By skipping patches, some devices may still be vulnerable to Android attacks, despite the firmware date showing that it shouldn't be an issue. What they discovered is that many Android OEMs have a "patch gap" and simply update the date shown on firmware to make it look like users are up to date.
Further code changes are required for developers whose apps create Transmission Control Protocol datagram sockets, using the SSLSocketFactory class for the Java programming language.
The findings on this security patches come from Karsten Nohl and Jakob Lell at Security Research Labs in Berlin. The problem with Android is that while Google may push out regular software updates, it is left to these manufacturers to push them out to their devices. "Probably for marketing reasons, they just set the patch level to nearly an arbitrary date, whatever looks best", Nohl said. This is incredibly simple to fake-even you or I could do it on a rooted device by modifying ro.build.version.security_patch in build.prop.
Russian Federation blocks United Nations resolution on Syria as U.S. military action looms large
Nebenzia blamed some council members for voting against the text, as he claimed, simply because it was a Russian draft. Five countries - Bolivia, China, Ethiopia, Kazakhstan, Russia - voted in favor, failing to pass the threshold of nine.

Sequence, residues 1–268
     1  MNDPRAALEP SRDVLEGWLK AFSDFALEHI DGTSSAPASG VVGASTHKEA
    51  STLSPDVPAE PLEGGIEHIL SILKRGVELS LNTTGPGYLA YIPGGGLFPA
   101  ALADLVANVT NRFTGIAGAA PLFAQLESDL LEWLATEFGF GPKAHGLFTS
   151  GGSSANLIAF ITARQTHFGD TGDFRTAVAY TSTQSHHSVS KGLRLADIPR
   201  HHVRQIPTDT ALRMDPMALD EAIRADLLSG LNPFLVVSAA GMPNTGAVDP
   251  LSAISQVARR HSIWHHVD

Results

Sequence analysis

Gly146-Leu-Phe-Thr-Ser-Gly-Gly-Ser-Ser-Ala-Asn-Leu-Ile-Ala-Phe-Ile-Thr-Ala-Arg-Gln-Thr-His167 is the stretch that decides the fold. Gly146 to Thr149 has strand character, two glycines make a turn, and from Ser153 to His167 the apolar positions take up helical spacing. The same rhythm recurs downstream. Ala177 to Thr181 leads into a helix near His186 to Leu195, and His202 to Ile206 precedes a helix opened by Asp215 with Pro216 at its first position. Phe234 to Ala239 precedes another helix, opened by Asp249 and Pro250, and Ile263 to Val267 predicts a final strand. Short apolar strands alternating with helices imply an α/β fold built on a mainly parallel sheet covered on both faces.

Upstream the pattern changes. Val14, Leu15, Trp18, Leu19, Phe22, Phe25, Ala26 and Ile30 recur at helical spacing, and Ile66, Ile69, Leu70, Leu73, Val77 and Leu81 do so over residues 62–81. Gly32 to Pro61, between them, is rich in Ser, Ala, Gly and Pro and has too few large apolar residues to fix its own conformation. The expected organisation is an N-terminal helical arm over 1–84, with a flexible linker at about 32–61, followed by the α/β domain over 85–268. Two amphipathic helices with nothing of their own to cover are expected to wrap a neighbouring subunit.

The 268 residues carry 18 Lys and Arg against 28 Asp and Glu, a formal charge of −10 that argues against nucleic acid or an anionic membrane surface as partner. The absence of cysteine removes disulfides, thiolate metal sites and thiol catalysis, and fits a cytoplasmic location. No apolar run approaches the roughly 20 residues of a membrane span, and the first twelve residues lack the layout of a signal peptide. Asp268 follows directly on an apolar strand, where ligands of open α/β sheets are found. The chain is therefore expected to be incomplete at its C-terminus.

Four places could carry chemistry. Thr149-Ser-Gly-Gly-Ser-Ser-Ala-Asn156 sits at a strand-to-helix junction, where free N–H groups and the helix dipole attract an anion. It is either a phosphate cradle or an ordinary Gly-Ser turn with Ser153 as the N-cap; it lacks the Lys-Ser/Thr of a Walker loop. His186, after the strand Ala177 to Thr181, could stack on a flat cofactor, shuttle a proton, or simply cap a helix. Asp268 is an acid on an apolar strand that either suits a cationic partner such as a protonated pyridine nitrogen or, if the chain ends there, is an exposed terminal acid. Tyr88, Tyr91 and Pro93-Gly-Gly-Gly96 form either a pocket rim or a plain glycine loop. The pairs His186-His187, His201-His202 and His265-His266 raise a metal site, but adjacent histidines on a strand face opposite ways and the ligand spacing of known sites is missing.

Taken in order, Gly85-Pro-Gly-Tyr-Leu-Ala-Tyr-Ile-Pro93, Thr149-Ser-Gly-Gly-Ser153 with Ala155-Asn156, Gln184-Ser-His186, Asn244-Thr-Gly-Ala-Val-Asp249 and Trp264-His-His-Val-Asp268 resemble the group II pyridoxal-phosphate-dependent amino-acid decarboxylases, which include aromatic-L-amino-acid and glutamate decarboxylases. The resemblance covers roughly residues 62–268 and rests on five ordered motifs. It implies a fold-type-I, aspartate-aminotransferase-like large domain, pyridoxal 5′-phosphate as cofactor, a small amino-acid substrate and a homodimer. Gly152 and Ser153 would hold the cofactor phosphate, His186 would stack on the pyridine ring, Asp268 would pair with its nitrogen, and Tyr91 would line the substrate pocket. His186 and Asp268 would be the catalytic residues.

The research firm tested about 1200 smartphones from makers like Google, Samsung, HTC, TCL and tested their flagship devices. Huawei, HTC, Motorola, and LG were found to be lacking as many as four, and ZTE and TCL were missing more than four updates in many cases.
So, if you are wondering about the security of your smartphone or want to check on the patch you received last, then here is an app for that as well. In other cases, there was no reasonable explanation for why some phones claimed to patch certain vulnerabilities when in fact they were missing multiple critical patches. The results are categorised as Patched, Patch missing, After claimed patch level, Test inconclusive. Those with Samsung processors skipped over few patches while models using MediaTek chips missed nearly 10 patches, on average. The issue didn't extend to Google's devices, of course, so those with Pixel and Pixel XL, or Pixel 2 and Pixel 2 XL devices were safe, but the report claims that some OEMs, including Sony, Samsung, and Wiko had missed at least one security patch. And if a company making those chips isn't keeping up with patches, it becomes quite hard for the manufacturers of the phones running them to fully secure their devices. Cheaper chips from the lower-end suppliers missed the most patches with a less well-maintained Android ecosystem.
As for Google's response to this research, the company acknowledges its importance and has launched an investigation into each device with a noted "patch gap". Nevertheless it still remains that according to SRL, patch updates were still listed as being up to date when they weren't, which might lead some users to wonder going forward if their device has actually been updated with the latest security fixes. We're working with them to improve their detection mechanisms to account for situations where a device uses an alternate security update instead of the Google suggested security update. All of the requisite permissions for the app and the need to access them can be viewed here. Enter your email to be subscribed to our newsletter.